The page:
Ob­sessed: ATL spots you’ll want to visit twice

GA Voice - - LGBT Military -

In case no­body has ever told you – or has for­got­ten to tell you – the brain be­gins to melt into some­thing like a taxi­der­mied blob as it ages. For ex­am­ple, I re­cently dined for the first time at the Peru­vian Las Brasas in De­catur (614 Church St). For the most part, I liked the food and won­dered why I’d never vis­ited be­fore.

Two days later, I re­mem­bered that I had in­deed vis­ited sev­eral times ear­lier – years ago, but when the res­tau­rant was in a dif­fer­ent lo­ca­tion. The dish that jarred my mem­ory was pota­toes huan­caina. It’s sliced, chilled Yukon pota­toes cov­ered with a creamy, sub­tly spiced cheese sauce, topped with a quail egg and some black olives.

Its tex­tures and fla­vors make it my fa­vorite dish here, but the res­tau­rant is best known for its ro­tis­serie chicken, mar­i­nated in mys­te­ri­ous Peru­vian spices and served with an equally mys­te­ri­ous green sauce. I have to ad­mit, I wasn’t so im­pressed. But the po­tato dish rules.

I thought this week I might men­tion a few other in­ex­pen­sive, mainly main­stream ed­i­bles that do re­main on­go­ing mem­o­rable ob­ses­sions.

These are an an­ti­dote to the un­der-fla­vored typ­i­cal gin­ger snaps in most stores and bak­eries. They are made with gin­ger puree, pieces of crys­tal­lized gin­ger, gin­ger pow­der, and, ap­par­ently, crack co­caine. They are strongly spicy and sweet and they are a sig­na­ture item at

Do not put an en­tire con­tainer in front of your TV.

Triple Gin­ger Snaps: Joe’s. (Var­i­ous lo­ca­tions) Medio Dia: (Ponce City Mar­ket) Tof­fee Cof­fee Arc­tic Swirl: Trader

This ex­tra­or­di­nary Cuban sand­wich on a pineap­ple sub roll is the cre­ation of Hec­tor San­ti­ago at It is stuffed with adobo-roasted ham, chay­ote pick­les, Swiss cheese, ha­banero mus­tard, and clove salt. The thing that el­e­vates it to heav­enly is the oc­ca­sional, ex­plo­sively fla­vor­ful crunch of the ham’s crispy skin (chichar­rones). Su­per Pan makes the screwed-up park­ing at Ponce City Mar­ket worth the ef­fort.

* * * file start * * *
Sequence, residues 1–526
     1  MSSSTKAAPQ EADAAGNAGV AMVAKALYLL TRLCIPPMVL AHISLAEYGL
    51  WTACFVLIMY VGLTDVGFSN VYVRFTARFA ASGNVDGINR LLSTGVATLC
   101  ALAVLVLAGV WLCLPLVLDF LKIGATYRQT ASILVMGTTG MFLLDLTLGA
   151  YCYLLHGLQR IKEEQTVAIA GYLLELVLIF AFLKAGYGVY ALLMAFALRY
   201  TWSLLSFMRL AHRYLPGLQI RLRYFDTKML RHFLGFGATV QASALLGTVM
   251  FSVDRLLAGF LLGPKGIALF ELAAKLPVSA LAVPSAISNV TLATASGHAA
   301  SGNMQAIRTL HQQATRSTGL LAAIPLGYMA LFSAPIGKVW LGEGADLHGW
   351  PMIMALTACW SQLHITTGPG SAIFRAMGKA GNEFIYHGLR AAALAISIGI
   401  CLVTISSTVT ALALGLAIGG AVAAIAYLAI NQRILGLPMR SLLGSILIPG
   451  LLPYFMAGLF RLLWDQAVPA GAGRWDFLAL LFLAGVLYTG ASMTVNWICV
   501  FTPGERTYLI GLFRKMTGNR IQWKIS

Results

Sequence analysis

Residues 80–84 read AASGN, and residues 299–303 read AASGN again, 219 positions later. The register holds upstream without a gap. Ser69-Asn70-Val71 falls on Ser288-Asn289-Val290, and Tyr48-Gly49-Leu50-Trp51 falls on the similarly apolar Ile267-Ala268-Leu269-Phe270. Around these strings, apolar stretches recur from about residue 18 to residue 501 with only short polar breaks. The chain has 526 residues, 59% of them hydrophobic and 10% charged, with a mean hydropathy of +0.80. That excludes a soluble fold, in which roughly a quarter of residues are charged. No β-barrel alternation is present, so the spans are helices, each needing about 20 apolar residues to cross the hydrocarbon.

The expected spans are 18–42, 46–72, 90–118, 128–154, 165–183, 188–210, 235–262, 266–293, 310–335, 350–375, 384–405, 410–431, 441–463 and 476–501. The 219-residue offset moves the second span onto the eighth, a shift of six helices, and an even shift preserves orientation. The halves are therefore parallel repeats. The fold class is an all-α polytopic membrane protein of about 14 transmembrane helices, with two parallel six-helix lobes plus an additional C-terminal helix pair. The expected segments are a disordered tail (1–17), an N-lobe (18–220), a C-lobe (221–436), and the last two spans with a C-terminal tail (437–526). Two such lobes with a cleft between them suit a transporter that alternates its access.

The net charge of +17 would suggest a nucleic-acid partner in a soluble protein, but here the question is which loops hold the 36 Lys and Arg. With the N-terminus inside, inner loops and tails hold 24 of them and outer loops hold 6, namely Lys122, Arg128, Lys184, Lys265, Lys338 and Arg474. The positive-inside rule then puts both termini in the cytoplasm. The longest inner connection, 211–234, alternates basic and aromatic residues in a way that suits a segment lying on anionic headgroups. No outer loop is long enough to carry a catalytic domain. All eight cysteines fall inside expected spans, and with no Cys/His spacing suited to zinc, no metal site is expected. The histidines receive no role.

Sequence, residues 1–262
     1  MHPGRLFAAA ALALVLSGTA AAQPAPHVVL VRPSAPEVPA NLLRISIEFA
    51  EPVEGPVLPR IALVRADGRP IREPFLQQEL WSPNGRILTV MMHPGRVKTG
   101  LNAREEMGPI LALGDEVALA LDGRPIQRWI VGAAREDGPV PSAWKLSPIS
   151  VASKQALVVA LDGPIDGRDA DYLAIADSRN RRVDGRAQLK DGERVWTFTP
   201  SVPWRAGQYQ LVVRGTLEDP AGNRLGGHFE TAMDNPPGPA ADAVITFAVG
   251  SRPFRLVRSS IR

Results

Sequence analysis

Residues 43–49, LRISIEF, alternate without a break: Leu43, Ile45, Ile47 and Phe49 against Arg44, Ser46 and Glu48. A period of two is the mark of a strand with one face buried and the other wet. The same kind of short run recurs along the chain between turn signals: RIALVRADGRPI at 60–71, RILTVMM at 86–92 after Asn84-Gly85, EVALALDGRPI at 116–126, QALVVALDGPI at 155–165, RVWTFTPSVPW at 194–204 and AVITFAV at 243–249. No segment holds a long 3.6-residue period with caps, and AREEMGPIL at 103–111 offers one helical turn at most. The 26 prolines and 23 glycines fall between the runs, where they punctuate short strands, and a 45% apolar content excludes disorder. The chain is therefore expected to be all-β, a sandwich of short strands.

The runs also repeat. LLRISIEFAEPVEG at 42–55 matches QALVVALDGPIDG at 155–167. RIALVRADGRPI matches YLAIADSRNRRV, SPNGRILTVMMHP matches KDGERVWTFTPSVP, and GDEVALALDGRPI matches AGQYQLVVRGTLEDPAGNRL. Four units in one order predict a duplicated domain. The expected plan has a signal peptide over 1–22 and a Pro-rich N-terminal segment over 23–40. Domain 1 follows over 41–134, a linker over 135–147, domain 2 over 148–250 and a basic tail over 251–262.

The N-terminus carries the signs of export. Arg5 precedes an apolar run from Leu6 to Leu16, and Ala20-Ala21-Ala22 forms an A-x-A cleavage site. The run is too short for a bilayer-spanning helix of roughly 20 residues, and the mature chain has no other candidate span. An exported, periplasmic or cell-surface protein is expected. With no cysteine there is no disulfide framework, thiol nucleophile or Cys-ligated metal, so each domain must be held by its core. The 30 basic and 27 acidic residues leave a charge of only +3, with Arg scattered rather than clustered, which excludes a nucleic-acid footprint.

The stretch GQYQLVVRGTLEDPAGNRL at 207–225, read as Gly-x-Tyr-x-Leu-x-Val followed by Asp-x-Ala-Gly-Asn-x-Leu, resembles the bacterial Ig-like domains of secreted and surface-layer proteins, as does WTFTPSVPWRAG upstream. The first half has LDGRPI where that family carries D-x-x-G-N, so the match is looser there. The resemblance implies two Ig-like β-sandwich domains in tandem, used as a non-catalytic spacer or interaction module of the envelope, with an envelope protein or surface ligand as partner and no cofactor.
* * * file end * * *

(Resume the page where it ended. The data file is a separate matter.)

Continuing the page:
El Su­per Pan.

Go ahead, stick to your pricey res­tau­rant riffs on soft-serve ice cream swirled with a va­ri­ety of in­gre­di­ents. Or swal­low your gay pride and go to and


pay half the price for my long­time fave pig-out dessert in the city. You can get an Arc­tic Swirl made with other in­gre­di­ents but my 20-yearold fave is this one with bits of some­thing like Heath Bars in vanilla ice cream swirled with cof­fee syrup.

(Var­i­ous lo­ca­tions) Spicy Fried Chicken:

Yeah, I love Popeye’s, Hop’s, and Wa­ter­shed, but the chicken at

fully de­serves its name. The prob­lem is the lo­ca­tion down­town in the rear of Peachtree Cen­ter, but it’s worth the ef­fort. You get chicken, strictly fried upon or­der, with a thin crust, red­der than a drag queen’s lip­stick, mirac­u­lously spicy, served on a slice of plain old white bread. This chicken was “in­vented” in the 1950s in Mem­phis and will never, ever go out of style.

World Fa­mous Fried Chicken Veg­e­tar­ian Cui­sine, (1529 Pied­mont Ave.) Gus’s (231 Peachtree St.) Tofu Skin Roll with Bean Sprouts: Green Sprout

Cliff Bostock is a long­time din­ing critic and psy­chother­a­pist turned life coach. www.cliff­bo­stock.com. Ev- ery time I or­der this dish at

across from Ans­ley Mall, I can’t imag­ine eat­ing the en­tire thing, but al­ways do. It’s a huge mound of rolls made of crispy-fried tofu skin wrapped around bean sprouts, car­rots, and snow peas, served with a de­li­ciously fla­vored, soy-based sauce. As God is my meat-eat­ing wit­ness, you will not miss the con­sump­tion of flesh while munch­ing on this. Other dishes? Mainly not as good.

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